John D. Rockefeller
John D. Rockefeller 3rd, Class of ’29, was one of America’s leading philanthropists. Among his many fields of interest were the advancement of scientific understanding of overpopulation, the improvement of cultural relations between Asia and America, and a broader exposure for the performing arts in American life.
In 1952, Mr. Rockefeller began his lifelong search for solutions to population growth by founding the Population Council. In 1956, he established The Asia Society, which helped broaden America’s understanding of Asia’s heritage and contemporary developments. He was also a founder of Lincoln Center for the Performing Arts and served as its first president, beginning in 1956, and then as chairman from 1961 until 1970. For more than thirty years, Mr. Rockefeller was a trustee of Princeton, and he was a trustee emeritus at the time of his death in 1978. He set up the Rockefeller Public Service Awards in 1952, administered as a national trust by Princeton University, to recognize individual public service at the local, state, and national levels, often in areas that were neglected or controversial.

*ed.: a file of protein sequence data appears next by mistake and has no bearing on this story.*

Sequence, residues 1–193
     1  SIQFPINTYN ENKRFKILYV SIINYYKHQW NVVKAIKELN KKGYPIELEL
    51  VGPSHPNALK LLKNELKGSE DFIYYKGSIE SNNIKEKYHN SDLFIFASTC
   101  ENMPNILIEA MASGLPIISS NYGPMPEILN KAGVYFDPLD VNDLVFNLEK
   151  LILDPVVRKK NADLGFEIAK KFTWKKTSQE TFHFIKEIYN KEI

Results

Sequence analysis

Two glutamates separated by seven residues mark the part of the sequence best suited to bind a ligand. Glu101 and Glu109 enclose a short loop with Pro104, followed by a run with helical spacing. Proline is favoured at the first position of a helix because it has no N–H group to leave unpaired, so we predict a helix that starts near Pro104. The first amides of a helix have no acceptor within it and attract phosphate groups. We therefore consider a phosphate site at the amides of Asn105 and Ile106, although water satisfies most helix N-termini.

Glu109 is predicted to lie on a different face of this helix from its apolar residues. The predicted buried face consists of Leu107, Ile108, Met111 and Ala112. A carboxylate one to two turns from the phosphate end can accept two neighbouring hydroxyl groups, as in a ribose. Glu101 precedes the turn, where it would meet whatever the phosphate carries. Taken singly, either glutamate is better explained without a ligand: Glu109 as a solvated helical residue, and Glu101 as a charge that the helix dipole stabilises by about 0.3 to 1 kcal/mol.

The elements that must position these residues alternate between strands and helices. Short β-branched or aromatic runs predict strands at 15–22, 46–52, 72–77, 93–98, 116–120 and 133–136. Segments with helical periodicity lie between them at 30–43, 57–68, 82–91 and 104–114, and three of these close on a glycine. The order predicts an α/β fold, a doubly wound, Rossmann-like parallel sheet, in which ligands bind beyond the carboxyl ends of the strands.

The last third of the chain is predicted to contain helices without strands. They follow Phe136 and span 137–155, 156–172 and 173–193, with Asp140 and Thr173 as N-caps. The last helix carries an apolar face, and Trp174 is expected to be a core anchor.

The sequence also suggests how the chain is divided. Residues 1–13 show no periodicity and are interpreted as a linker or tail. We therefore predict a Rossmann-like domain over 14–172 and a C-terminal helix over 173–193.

In dedicating the college on October 16, 1983, President William G. Bowen noted that “Rockefeller College will serve as a fitting tribute to a man who cared all of his life about the restoration of historical buildings, the landscaping of open spaces, and most importantly of all, the lives of young people and the enrichment of the human spirit.”